by Ross Pomeroy
A plethora of politicians and government officials across the globe screwed up in their handling of the COVID-19 Pandemic. The Chinese government, however, was acutely damaging with its ineptitude, because it, more than any other entity, had a chance to limit the spread of the SARS-CoV-2 coronavirus when it first emerged in late 2019. Instead of trying to contain the virus with the help of the international community, however, the Chinese government lied, misled, and stalled. All of humanity has experienced the disastrous result of this negligence.
In his new book, Uncontrolled Spread, physician, senior fellow at the American Enterprise Institute, and former FDA commissioner Scott Gottlieb focused his considerable expertise on pointing out the ways in which the world’s response to COVID-19 fell short, and how we can better prepare for the next inevitable pandemic. Early on in the book, he chronicled numerous examples of the Chinese government’s inept, corrupt handling of what was then an emerging outbreak. Here are ten of them:
1. Silencing Genetic Sequencing. In late December 2019, doctors around Wuhan started noticing people coming in with a strange pneumonia, and began sending patient samples to genomics companies for sequencing. The reports they received back were disturbing – it was a never-before-seen, SARS-like coronavirus. By January 1, provincial health officials instructed these companies to stop testing samples from the Wuhan outbreak and to destroy their remaining specimens. Two days later, China’s top health authority ordered genomics labs not to publish any data related to the novel coronavirus.
2. Censoring Doctors. Early on in the pandemic, Wuhan’s local doctors quickly realized that a novel virus was spreading, and took to social media platforms like WeChat and Weibo to share information with each other. They were soon censored by the Chinese government, and posts related to what was then dubbed “Wuhan SARS’ were suppressed. Many doctors were detained, interrogated, and threatened with prosecution. “Chinese scientists and physicians took risks, and their efforts saved lives,” Gottlieb wrote.
3. Deploying Social Media Bots. According to ProPublica, more than ten thousand Chinese government-linked accounts on Twitter were used to cast doubt on early reports related to the outbreak in Wuhan.
4. Censoring Social Media. Citizen Lab documented thousands of keywords related to COVID that were suppressed by the Chinese government on platforms YY and WeChat. Many deleted posts criticized the government for their handling of the outbreak.
5. Not Reporting the Outbreak to the WHO as Required. As a signatory to major public health treaties, the Chinese government was required to notify the world community of any unusual, novel pathogen within its borders that could spread internationally, typically within 72 hours of detection. The novel coronavirus clearly met this description, yet Chinese officials withheld information about the virus for weeks.
6. Refusing to Share the Coronavirus’ Genetic Sequence. When the genetic sequence of the coronavirus was first shared widely in early January, it was a heroic, rogue Chinese researcher, not the government, who did so. Dr. Zhang Yongzhen was directed not to release the information, but frustrated with what he perceived as irresponsibility by government officials, he defied their order. Within hours, Zhang’s lab was shut down by the Shanghai Municipal Health Commission for “rectification”.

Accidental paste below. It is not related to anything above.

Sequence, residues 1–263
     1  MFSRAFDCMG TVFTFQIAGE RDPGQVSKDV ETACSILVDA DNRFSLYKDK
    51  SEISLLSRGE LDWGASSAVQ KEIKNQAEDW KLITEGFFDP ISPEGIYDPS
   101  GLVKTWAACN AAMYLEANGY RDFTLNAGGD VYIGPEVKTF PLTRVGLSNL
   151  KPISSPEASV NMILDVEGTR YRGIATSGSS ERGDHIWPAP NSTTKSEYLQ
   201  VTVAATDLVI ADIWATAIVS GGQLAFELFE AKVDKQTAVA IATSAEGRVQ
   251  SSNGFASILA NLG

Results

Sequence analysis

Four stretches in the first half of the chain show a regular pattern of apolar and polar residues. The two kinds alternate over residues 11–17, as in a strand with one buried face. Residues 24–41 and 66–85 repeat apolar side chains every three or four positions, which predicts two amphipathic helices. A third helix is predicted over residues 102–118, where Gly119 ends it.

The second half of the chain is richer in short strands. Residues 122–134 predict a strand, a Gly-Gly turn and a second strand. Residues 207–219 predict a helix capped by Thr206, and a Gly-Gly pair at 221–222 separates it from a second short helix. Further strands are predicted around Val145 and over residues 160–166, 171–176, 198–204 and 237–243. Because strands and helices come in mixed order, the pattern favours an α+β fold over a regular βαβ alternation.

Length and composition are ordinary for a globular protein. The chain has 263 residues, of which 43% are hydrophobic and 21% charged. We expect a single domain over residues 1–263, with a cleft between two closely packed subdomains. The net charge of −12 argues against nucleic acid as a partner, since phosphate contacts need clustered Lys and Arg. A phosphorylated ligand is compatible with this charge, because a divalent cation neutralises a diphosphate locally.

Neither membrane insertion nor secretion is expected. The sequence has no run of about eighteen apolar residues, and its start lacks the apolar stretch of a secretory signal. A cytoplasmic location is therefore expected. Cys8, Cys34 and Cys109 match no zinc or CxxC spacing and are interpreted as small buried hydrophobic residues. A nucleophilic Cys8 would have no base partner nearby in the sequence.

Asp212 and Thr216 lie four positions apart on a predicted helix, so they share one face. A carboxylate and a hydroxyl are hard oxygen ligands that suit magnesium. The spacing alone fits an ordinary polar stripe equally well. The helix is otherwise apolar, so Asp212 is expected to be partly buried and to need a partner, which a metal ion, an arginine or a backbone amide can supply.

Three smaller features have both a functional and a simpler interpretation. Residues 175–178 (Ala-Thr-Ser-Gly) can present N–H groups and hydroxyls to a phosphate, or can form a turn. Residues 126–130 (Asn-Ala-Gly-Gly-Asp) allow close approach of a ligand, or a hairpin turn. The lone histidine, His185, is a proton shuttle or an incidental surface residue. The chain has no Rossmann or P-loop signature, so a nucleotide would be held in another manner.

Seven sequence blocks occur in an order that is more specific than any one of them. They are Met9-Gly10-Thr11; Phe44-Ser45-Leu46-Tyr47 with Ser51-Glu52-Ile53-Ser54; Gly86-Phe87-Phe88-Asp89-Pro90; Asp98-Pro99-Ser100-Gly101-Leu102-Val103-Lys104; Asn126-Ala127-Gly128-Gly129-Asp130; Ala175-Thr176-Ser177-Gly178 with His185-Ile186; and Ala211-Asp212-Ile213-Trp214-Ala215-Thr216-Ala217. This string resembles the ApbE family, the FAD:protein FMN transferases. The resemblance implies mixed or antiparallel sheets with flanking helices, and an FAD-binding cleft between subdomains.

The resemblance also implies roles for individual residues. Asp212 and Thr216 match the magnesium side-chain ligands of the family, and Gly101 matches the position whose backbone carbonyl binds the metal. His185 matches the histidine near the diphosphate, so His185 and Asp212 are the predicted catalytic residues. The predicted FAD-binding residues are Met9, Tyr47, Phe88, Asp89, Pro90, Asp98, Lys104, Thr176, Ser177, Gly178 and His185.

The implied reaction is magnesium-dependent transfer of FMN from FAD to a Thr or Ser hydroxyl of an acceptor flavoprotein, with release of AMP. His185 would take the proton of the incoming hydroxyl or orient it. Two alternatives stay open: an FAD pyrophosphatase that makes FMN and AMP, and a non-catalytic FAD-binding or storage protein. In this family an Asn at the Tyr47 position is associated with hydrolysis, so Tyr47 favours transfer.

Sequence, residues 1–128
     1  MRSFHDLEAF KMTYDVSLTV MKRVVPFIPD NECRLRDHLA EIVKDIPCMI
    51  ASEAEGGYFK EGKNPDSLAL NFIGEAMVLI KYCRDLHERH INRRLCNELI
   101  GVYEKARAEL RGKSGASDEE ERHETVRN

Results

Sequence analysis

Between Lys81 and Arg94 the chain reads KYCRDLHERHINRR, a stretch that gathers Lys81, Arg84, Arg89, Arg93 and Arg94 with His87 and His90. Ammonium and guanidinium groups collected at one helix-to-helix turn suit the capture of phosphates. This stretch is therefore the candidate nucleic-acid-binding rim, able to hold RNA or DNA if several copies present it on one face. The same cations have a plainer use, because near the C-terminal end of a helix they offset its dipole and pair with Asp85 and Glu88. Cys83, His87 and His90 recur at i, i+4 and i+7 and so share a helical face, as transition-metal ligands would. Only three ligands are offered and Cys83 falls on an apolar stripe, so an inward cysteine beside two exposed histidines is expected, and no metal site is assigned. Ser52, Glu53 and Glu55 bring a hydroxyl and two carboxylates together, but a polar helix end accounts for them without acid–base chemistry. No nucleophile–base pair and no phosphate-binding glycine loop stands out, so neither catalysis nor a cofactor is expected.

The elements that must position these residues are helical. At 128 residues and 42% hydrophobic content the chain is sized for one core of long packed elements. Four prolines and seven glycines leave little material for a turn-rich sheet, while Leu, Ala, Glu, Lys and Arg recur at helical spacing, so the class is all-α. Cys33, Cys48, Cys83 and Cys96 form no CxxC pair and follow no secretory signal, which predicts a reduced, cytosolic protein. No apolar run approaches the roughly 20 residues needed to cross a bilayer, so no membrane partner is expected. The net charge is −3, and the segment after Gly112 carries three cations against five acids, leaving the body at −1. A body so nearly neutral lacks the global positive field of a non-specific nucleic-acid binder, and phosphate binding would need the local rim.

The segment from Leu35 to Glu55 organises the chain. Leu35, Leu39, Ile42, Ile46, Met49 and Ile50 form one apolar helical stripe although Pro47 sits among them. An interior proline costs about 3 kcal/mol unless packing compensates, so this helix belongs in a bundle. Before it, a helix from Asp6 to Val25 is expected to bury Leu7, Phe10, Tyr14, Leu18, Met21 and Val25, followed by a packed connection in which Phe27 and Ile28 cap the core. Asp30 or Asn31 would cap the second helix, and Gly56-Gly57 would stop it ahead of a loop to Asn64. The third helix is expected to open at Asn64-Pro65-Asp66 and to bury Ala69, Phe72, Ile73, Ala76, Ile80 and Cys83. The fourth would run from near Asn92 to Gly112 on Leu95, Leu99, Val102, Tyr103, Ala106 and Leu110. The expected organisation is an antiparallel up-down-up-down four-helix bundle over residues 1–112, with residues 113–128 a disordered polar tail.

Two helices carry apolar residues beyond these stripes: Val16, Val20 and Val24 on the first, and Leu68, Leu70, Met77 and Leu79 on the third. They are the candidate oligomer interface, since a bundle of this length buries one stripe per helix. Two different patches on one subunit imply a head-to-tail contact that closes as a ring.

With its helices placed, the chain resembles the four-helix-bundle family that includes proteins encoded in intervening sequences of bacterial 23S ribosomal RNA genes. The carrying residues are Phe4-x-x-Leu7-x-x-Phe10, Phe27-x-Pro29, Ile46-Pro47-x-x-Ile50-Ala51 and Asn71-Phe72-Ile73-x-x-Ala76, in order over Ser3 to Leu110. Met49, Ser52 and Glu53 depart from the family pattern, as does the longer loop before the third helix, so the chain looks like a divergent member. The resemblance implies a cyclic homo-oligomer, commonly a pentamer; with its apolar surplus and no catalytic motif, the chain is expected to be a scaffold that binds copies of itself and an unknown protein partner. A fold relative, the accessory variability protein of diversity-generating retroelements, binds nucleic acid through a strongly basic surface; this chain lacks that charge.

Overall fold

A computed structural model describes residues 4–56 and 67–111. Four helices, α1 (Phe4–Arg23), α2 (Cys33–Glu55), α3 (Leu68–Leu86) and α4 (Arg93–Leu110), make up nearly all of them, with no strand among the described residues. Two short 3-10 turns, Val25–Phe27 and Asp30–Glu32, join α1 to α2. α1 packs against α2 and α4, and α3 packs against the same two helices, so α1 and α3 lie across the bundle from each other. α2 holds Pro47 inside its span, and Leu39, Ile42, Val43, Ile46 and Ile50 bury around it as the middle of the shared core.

7. Not Sharing Virus Samples. Very early on, global researchers were clamoring for Chinese officials to share samples of the novel coronavirus so they could evaluate it and begin developing diagnostic tests, vaccines, and therapeutics. Government officials never did. “Access to those samples at the outset could have helped the world prepare,” Gottlieb wrote. “And without the source strains, it would be impossible to determine with any certainty the virus’s origin.”
8. Attempting to Avoid Travel Restrictions. In early February, as it started to become clear that China was losing control of the outbreak, the government was still privately clashing with the WHO to block the declaration of a Public Health Emergency of International Concern (PHEIC). Government officials wanted to avoid burdensome travel restrictions which the PHEIC would likely lead to.
9. Misleading the World Health Organization. In the early days of the pandemic, the WHO publicly stated that it was in constant contact with Chinese government officials. This was true, but the dialogue was essentially useless. “The WHO would submit long lists of questions to Chinese officials, related to the scope and severity of the epidemic. In return, the Chinese government would provide achingly incomplete replies,” Gottlieb wrote. Little of value was relayed.
10. Refusing to Allow CDC Scientists Into Wuhan. Roughly a dozen CDC staff are permanently stationed in Beijing. On January 1, 2020, CDC Director Robert Redfield emailed Dr. George Fu Gao, the director of China’s CDC, requesting that these U.S. researchers be granted access to the outbreak hot zone to assist in identification of the novel pathogen. Gao refused, and would do so again when Redfield pressed the matter. At the time, Chinese officials were still saying publicly there was no evidence of person-to-person spread. Redfield believes that U.S. scientists would have quickly discovered that the coronavirus was spreading human-to-human, and doing so asymptomatically.
As Gottlieb wrote in Uncontrolled Spread, “The spark of transmission was lit amid the suppression and distortion of key facts… Had the Chinese government been more forthright at the outset, there was a chance that the virus could have been contained.”
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Ross Pomeroy is a contributor to RealClearScience.
Photo “Xi Jinping” by Narendra Modi. CC BY 2.0.